Extract from Executive Summary
The world has a growing number of important spheres of economic influence. The European Union's share of foreign direct investment (FDI) inflows (26%, first place) now equals its share of world GDP. Its recovery, however, remains mixed and tentative.
In 2010, emerging markets collectively reaped more than half of global inward FDI for the first time, although their performance was mixed: while the value of FDI into Brazil grew 16.3% on the back of commodities and consumption, capital inward investment in India fell 31.5%,2 slowed by strong internal competition for investments projects. Growth of FDI in China was sustained because investors there are benefiting from stable returns on investment (ROI).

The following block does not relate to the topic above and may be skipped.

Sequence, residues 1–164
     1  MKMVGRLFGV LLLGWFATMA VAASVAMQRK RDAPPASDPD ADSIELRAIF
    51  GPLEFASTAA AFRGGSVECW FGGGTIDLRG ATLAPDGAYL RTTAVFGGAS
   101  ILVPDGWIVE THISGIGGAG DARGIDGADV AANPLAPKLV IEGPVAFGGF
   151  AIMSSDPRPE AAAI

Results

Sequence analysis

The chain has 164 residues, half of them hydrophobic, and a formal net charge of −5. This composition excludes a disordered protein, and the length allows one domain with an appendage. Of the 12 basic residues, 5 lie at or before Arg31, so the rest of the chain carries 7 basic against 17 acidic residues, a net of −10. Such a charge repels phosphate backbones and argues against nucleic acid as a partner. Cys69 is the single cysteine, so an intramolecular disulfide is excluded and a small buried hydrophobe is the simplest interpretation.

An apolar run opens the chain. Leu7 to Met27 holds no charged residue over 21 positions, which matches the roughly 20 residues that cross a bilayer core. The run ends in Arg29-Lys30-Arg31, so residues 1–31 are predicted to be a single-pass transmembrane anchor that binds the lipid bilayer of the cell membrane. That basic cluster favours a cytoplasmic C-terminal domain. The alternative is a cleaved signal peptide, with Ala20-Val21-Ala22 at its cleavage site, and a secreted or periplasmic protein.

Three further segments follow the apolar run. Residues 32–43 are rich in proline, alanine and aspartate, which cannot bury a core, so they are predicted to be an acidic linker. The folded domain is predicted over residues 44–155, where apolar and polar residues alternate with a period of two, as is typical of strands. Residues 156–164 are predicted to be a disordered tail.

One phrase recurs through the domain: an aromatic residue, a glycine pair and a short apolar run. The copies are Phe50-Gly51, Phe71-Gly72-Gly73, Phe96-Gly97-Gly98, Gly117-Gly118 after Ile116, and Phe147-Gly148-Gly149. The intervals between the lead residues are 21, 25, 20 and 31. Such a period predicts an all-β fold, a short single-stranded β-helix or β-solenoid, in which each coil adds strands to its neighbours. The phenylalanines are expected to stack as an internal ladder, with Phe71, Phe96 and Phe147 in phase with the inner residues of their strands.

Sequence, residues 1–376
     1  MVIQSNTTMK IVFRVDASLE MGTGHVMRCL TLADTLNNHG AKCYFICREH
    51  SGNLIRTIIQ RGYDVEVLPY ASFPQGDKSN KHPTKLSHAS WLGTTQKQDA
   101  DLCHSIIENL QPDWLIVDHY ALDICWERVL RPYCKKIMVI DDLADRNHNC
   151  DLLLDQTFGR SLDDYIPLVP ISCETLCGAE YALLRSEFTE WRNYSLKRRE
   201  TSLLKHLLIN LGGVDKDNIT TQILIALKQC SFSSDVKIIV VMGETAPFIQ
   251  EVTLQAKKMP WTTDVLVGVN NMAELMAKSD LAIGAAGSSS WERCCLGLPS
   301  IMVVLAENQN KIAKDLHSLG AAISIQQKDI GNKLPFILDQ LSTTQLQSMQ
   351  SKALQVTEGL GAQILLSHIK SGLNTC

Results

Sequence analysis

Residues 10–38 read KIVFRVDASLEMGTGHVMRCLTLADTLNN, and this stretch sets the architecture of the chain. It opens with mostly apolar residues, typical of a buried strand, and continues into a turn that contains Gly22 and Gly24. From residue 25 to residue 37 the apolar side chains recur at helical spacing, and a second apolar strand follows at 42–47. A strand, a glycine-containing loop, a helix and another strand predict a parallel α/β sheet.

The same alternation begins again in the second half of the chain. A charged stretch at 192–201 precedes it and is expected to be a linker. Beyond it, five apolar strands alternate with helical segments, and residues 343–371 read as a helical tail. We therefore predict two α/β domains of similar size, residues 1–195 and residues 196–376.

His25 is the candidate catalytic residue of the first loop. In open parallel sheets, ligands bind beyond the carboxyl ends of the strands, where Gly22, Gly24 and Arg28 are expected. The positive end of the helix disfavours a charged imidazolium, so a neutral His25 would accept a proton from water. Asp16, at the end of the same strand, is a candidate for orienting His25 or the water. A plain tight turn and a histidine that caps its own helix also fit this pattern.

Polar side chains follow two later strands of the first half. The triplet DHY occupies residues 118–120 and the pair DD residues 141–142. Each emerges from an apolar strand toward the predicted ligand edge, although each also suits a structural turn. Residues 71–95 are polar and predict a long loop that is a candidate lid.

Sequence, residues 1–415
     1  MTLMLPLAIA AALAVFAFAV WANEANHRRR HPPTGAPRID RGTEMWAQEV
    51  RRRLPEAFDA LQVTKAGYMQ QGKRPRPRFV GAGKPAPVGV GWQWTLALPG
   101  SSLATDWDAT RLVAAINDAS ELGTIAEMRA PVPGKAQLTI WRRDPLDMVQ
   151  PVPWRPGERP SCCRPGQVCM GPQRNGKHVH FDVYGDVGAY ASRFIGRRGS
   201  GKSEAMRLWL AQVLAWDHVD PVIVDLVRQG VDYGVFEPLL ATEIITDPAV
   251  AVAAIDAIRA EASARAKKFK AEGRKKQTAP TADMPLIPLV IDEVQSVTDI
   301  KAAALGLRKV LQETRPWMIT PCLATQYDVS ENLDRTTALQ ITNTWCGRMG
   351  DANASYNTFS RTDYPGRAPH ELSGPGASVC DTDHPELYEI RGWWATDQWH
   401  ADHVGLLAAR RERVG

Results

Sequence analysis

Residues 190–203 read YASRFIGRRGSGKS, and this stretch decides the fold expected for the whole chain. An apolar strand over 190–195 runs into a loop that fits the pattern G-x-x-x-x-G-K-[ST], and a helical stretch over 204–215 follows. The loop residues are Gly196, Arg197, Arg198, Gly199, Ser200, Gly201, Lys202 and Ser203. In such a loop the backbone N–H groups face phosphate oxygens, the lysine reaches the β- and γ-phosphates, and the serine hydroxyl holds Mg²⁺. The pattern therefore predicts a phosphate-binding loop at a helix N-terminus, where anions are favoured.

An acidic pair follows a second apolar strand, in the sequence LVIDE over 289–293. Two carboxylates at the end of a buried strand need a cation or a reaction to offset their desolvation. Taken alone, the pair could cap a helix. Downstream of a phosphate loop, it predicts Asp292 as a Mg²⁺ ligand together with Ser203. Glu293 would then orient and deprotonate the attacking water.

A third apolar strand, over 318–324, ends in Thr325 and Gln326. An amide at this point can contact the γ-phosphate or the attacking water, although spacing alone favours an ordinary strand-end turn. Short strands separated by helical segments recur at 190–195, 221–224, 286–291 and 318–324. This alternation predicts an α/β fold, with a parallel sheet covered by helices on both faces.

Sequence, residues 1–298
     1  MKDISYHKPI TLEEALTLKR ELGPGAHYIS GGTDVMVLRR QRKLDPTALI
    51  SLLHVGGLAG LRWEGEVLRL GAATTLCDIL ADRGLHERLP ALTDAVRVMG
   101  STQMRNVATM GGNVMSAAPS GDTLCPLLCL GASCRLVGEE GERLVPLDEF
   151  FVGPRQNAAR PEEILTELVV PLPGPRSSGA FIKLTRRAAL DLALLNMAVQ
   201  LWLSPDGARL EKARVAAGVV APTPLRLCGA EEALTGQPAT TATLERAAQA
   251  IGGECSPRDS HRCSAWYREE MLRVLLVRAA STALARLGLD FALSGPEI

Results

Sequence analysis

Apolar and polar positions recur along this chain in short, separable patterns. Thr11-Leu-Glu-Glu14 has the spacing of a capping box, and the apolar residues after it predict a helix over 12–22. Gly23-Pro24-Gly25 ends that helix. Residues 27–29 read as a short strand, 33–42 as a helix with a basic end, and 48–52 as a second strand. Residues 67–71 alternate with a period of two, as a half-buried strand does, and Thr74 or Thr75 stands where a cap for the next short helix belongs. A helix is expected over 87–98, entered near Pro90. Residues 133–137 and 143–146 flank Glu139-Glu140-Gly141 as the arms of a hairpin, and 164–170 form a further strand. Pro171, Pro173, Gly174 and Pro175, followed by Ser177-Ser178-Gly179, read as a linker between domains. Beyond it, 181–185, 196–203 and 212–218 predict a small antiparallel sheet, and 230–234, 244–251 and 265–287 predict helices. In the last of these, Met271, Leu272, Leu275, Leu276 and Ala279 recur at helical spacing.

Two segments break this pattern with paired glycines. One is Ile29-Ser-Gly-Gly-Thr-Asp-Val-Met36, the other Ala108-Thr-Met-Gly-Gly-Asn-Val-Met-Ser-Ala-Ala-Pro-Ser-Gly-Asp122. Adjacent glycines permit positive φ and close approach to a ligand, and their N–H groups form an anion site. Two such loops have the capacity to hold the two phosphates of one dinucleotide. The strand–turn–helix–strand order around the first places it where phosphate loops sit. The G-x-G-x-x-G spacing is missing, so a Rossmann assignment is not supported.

When considering where to invest in 2010, companies view transport and logistics infrastructure (63%), telecommunications infrastructure (62%) and stability and transparency of the political, legal and regulatory environment (62%) as the most critical factors.
The UK and France remain FDI leaders in Europe, but they are losing market share to countries such as Germany and a host of smaller more cost-competitive countries, for example, Poland, Hungary and the Baltics.
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